ChiSquare Goodness of Fit Test
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Brief Instructions
Enter the observed values under L1. Divide the sample size by the number of possible outcomes. The result is the expected value.
Put the cursor on L2 in the data entry window. Press "(" left parenthesis, 2ND, "1" and "" minus sign. Enter the expected value. Then press ")" right parenthesis, "x^{2}", "÷", and enter the expected value again. Pressing ENTER will fill in L2.
Now press STAT and choose CALC. Press ENTER, 2ND, "2"
and ENTER. The test statistic is next to Sx = .
Subtract one from the number of possible outcomes to obtain the
degrees of freedom. Next press 2ND and VARS, choose c^{2}cdf(
and press ENTER. Enter the test statistic, 1E99, and the number of possible
outcomes minus one. Put commas between these three numbers and a right
parenthesis after the last number. Pressing ENTER gives the Pvalue.
Detailed Instructions
This test is
used to decide whether outcomes of a certain event are in the same proportions
that were expected. We will always test whether or not all outcomes are equally
likely. To demonstrate this procedure we will test whether the days of the week
for 300 randomly selected pedestrian deaths are equally likely at 98%
confidence (Sullivan, Fundamentals of
Statistics, 2^{nd} ed, Pearson Education, Inc. 2008, p.561). The
data are shown below.
Day 
Sun. 
Mon. 
Tues. 
Wed. 
Thurs. 
Fri. 
Sat 
Frequency 
39 
40 
30 
40 
41 
49 
61 
Assuming the
days of the week are equally likely, you would expect 300/7 ≈ 42.9 deaths
on average for each of the days. The test statistic for this test is given by
the formula

where k is the number of possible outcomes, O_{i}
is the observed frequency, and E_{i}
is the expected frequency. In this situation, k = 7 since there are 7 days of the week, the O_{i} are given in the table shown above, and since we are
assuming each day is equally likely, E_{i}
= 42.9 for each i. To aid in
computing, we will rename the second row and add a third row to the table
above.
Day 
Sun. 
Mon. 
Tues. 
Wed. 
Thurs. 
Fri. 
Sat 
O_{i} 
39 
40 
30 
40 
41 
49 
61 
E_{i} 
42.9 
42.9 
42.9 
42.9 
42.9 
42.9 
42.9 
To save time, we
will use the use the "list" operations of the calculator to do the
necessary calculations. Press "STAT" and "ENTER". Clear
lists L1 and L2. Enter the O_{i}
under L1. When you are finished, the data entry screen should look like the
following.
L1 
L2 
39 

40 

30 

40 

41 

49 

61 

Next put the cursor on L2 in the data entry window, and press "(" (left parenthesis), "2ND", "1", "" (minus sign), "4", "2", "." (decimal point), "9", ")" (right parenthesis), "x^{2}", "÷", "4", "2", "." (decimal point), "9". At this point, the formula at the bottom of the data entry window should look like:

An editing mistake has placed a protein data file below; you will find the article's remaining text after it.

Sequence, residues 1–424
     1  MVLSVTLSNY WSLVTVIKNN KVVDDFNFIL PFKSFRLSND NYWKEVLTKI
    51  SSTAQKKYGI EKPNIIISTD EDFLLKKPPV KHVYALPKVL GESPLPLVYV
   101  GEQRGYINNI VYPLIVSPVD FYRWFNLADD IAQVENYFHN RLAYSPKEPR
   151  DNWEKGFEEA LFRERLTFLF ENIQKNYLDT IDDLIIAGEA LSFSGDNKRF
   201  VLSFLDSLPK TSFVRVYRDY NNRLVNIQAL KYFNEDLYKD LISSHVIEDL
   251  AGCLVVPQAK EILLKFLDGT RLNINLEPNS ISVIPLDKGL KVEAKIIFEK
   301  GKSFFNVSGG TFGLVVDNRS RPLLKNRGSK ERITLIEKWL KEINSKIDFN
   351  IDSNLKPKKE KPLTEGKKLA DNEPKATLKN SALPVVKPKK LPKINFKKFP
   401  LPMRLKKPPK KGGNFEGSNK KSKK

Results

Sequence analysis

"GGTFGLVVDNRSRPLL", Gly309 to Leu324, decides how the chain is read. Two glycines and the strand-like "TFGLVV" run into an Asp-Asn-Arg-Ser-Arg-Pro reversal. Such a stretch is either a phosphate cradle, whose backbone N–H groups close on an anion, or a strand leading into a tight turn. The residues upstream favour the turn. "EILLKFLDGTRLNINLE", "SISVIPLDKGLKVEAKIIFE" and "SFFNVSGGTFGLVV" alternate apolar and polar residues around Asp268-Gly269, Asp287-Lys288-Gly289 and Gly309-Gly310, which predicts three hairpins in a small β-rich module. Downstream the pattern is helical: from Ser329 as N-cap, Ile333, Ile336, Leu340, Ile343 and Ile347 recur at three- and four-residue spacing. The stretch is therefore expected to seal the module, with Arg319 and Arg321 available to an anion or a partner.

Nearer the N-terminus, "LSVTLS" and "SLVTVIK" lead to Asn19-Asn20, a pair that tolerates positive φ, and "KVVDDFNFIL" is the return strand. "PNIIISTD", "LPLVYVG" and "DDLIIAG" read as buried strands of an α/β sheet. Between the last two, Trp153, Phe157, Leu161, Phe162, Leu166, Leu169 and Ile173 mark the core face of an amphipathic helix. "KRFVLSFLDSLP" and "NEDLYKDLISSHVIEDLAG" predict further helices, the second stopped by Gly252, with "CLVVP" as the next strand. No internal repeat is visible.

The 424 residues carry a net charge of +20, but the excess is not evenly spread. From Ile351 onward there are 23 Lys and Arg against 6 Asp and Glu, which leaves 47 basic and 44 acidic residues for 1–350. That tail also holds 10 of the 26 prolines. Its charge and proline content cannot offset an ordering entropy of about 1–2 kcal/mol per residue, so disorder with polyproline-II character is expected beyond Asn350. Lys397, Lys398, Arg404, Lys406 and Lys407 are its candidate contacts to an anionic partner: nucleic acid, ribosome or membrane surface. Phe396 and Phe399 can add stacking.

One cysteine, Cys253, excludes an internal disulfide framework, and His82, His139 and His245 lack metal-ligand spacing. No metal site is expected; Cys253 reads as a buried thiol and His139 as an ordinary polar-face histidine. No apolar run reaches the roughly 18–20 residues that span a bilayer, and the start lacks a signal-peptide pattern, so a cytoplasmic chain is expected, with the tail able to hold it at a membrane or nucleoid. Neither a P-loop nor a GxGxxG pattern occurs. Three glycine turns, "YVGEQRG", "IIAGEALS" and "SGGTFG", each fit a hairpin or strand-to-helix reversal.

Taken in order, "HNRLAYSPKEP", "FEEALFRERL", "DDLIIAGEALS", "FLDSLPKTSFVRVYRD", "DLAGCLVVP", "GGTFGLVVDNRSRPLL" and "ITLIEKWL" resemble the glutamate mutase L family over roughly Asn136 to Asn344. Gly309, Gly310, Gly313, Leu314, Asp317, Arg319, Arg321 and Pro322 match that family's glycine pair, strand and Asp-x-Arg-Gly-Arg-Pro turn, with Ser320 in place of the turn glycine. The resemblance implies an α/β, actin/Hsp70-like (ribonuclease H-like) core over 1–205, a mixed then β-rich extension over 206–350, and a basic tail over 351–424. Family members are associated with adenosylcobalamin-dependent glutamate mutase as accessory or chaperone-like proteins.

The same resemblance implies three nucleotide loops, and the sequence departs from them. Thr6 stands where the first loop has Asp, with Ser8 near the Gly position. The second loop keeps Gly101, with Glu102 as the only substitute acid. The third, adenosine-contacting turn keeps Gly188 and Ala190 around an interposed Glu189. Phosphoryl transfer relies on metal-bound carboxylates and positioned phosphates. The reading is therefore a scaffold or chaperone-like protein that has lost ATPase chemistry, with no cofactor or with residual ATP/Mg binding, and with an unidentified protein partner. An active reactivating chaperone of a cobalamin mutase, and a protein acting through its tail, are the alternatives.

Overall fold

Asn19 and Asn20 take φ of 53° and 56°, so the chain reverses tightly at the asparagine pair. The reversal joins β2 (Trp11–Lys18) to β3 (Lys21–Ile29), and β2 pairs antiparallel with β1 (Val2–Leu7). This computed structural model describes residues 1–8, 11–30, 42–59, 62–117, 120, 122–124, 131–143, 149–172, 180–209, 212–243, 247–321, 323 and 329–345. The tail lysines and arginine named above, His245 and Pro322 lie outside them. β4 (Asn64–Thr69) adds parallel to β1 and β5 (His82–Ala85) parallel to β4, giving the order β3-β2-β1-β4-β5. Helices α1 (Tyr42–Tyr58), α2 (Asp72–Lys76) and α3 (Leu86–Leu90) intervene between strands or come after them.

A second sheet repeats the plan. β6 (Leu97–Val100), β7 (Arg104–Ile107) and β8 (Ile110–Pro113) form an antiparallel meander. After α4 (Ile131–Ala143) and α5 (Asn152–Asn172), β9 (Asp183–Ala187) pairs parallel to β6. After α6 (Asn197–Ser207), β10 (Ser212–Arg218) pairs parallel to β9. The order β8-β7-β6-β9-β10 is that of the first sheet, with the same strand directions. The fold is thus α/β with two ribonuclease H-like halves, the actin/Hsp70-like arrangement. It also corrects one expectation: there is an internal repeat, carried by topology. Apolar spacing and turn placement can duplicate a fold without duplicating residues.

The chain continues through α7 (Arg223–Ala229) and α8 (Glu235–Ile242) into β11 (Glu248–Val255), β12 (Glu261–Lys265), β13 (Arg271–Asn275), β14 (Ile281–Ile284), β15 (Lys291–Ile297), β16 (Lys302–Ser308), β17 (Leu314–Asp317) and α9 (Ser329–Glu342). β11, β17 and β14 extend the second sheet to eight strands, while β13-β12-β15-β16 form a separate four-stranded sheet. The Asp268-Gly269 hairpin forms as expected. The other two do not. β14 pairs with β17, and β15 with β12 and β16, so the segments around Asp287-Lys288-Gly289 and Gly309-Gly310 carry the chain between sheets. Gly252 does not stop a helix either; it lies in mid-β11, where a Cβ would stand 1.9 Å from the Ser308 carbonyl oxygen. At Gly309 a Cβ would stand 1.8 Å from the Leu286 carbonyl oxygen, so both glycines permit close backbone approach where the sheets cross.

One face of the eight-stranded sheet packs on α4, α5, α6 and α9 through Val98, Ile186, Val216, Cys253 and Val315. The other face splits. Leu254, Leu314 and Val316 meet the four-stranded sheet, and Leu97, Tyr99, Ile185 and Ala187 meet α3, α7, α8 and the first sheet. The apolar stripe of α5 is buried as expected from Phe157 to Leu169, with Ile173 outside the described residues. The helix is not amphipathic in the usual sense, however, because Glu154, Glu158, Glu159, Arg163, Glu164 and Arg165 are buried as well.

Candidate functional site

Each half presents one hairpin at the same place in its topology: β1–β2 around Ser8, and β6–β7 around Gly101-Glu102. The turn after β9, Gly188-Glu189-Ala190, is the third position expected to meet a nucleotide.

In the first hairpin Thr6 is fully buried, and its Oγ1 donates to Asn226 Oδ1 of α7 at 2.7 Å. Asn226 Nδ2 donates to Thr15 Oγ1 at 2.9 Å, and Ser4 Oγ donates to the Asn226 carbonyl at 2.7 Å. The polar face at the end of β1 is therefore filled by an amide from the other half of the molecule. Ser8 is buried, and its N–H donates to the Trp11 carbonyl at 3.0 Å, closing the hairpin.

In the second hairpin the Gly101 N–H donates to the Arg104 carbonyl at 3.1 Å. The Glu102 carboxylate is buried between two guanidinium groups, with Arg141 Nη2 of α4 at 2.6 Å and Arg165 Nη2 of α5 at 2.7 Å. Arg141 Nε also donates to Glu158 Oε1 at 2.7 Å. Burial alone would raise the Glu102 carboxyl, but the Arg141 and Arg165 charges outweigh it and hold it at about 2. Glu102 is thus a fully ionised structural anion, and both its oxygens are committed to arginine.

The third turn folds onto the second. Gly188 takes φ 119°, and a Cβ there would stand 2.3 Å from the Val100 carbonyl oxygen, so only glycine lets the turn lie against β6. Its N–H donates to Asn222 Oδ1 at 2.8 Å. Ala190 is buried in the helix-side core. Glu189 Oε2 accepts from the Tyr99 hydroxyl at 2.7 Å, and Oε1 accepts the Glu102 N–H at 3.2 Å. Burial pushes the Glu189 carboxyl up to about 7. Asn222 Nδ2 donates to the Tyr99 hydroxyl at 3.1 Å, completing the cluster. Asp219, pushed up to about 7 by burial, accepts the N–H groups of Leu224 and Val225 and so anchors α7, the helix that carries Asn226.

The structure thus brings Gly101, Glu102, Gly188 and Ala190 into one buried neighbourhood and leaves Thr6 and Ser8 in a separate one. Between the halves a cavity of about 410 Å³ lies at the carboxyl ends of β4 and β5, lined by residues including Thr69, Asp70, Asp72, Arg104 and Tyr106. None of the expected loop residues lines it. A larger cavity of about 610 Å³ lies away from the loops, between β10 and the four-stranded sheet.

L 2 =
(L1  42.9)^{
2} / 42.9 
Now if you press "ENTER", the L2 list will be filled as shown below.
L1 
L2 
39 
.35455 
40 
.19604 
30 
3.879 
40 
.19604 
41 
.08415 
49 
.86737 
61 
7.6366 
The numbers under L2 are the numbers to be summed in the right
hand side of formula (1) above. To find the sum, press "STAT" and
choose "CALC". Then press "ENTER", "2ND",
"2" and "ENTER". The test statistic is found to the right
of Sx = , and in this case is about 13.21.
The final step is to find the Pvalue for this test. To do this
press "2ND" and "VARS" and choose " c^{2}cdf(", and press "ENTER". You should see
"c^{2}cdf(" on your screen. The Pvalue in this case is the
probability of obtaining a test statistic at least as big as 13.21 assuming
that the null hypothesis holds. So we will enter the test statistic as the
lower bound, "1E99" as the upper bound, and then the degrees of
freedom with commas between the three numbers and a right parenthesis on the
end.
For this
example, there are 7 possible outcomes, one for each day of the week. The
degrees of freedom is thus 7  1 = 6, and we would fill in the chisquare
formula as follows.
c^{2}cdf(13.21,
1E99, 6) 
Now pressing the
"ENTER" button will produce the Pvalue. In this case, the Pvalue is
0.0398. Since we are testing at 98% confidence, the significance level is 1  0.98
= 0.02. The Pvalue is greater than the significance level, so we should
keep the null hypothesis. Hence, the evidence is not strong enough at the 98% confidence level to say that the days of the week are not all equally likely.